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Certainly there's something very beautiful about a high heel, and arguably Monroe probably wouldn't have had such mesmerising appeal had she wiggled her way through the steam in Some Like it Hot in a pair of Converse trainers. However, I'm a sister doing it for herself in the 21st century. I've got places to go and I like to use my feet to get there. I agree with Germaine Greer, who once made the point that "if a woman never takes off her high-heeled shoes, how will she ever know how far she could walk or how fast she could run?"

Certainly running in heels is a mystery to me, as is walking, talking or generally enjoying myself in those instruments of torture. I do own a couple of pairs and I'll wear them to formal occasions or those times I know that I'll be walking from car to bar – and no further – but I honestly believe that flat shoes look much more chic.

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Coco Chanel and Audrey Hepburn, two of the 20th century's most stylish women, were both advocates of the flat, comfortable shoe. Even today, actress Mischa Barton always wears flats, no matter how formal the occasion, yet usually outshines everyone else at the party sartorially. Keira Knightley is another famous fan of flats and has been spotted everywhere wearing her metallic python Chanel sandals.

Comfortable shoes say that you care more about having fun than looking immaculate, and that you don't feel the need to conform to a bizarre and painful trend for the sake of fashion. Anyone who has worn heels for an entire day knows that we're not talking mild discomfort; it can be excruciatingly painful, and very distracting, to walk on the balls of your feet for a prolonged period.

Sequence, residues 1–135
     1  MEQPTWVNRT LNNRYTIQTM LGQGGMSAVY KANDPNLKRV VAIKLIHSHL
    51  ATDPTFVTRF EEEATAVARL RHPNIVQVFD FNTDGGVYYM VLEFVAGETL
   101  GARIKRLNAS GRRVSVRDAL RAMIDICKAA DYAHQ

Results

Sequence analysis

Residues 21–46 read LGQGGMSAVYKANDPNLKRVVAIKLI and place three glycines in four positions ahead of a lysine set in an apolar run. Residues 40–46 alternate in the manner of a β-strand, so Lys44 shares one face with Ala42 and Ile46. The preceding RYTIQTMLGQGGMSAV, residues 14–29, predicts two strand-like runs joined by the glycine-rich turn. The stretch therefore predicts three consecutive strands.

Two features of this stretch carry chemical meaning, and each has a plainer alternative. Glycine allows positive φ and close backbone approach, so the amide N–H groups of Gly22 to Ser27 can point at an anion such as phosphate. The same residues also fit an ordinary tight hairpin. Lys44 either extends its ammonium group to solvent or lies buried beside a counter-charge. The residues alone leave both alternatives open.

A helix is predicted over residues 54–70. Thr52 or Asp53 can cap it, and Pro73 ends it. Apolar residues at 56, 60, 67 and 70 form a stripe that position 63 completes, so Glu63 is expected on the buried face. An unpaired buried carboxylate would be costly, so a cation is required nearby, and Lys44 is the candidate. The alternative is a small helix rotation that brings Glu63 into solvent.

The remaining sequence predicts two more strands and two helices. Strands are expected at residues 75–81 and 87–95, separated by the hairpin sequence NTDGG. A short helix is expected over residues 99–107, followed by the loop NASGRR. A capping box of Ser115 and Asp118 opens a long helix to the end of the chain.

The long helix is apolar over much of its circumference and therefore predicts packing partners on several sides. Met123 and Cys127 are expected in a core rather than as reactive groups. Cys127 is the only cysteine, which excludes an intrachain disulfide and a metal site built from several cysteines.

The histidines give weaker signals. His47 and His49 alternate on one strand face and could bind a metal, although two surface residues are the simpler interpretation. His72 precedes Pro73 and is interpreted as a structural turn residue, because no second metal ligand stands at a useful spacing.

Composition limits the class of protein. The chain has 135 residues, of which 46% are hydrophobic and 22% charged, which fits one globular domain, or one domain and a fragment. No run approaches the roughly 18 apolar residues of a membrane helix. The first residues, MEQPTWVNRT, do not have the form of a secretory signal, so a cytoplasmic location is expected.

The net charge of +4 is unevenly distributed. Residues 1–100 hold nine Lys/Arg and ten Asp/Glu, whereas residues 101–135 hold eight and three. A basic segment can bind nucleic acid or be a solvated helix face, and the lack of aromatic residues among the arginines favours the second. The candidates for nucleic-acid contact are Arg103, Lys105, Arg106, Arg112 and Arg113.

That any woman would want to restrict herself this way is a mystery. The ancient Chinese practice of binding a woman's feet is viewed as barbaric in the modern western world, but, in many ways, high heels seem almost as bizarre – fetishising feet in a painful manner in order to appear more attractive, vulnerable and restricted to the opposite sex.

Despite my views on heels, however, I can't bear ugly shoes, and I simply don't believe that style needs to be sacrificed when it comes to comfort.

Wearing unflattering Ugg boots (which at best resemble an elephant's lower portions) or clumpy Crocs (inelegant hooves of bright, moulded plastic) seems pointless when you could be equally comfortable in a dainty pair of ballet flats, which are far more stylish and not some inexplicable fad.

Some people seem to be under the impression that ugly shoes are some sort of statement of their academia, as if attractive shoes are for vacuous people. This, as any intelligent person knows, is a belief held only by the stupid. If life is a journey, you might as well be walking it in style as well as comfort.

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I believe that you don't have to choose between style and comfort when it comes to footwear. My favourite shoes are a pair of black Ferragamo Vara pumps with a one-inch block heel. They're more chic, smart and sassy than any of the glossy stilettos I see pounding Sauchiehall Street on a Saturday night (or, as the evening wears on, in the hands of their barefoot owner) and yet I feel completely comfortable in them.

I've always believed that to look truly stylish, you must be completely comfortable in what you're wearing. After all, what's smart or sexy about blisters, bunions or a gal who leaves the party early because her feet are too sore? As American writer Sue Grafton said: "If high heels were so wonderful, men would be wearing them."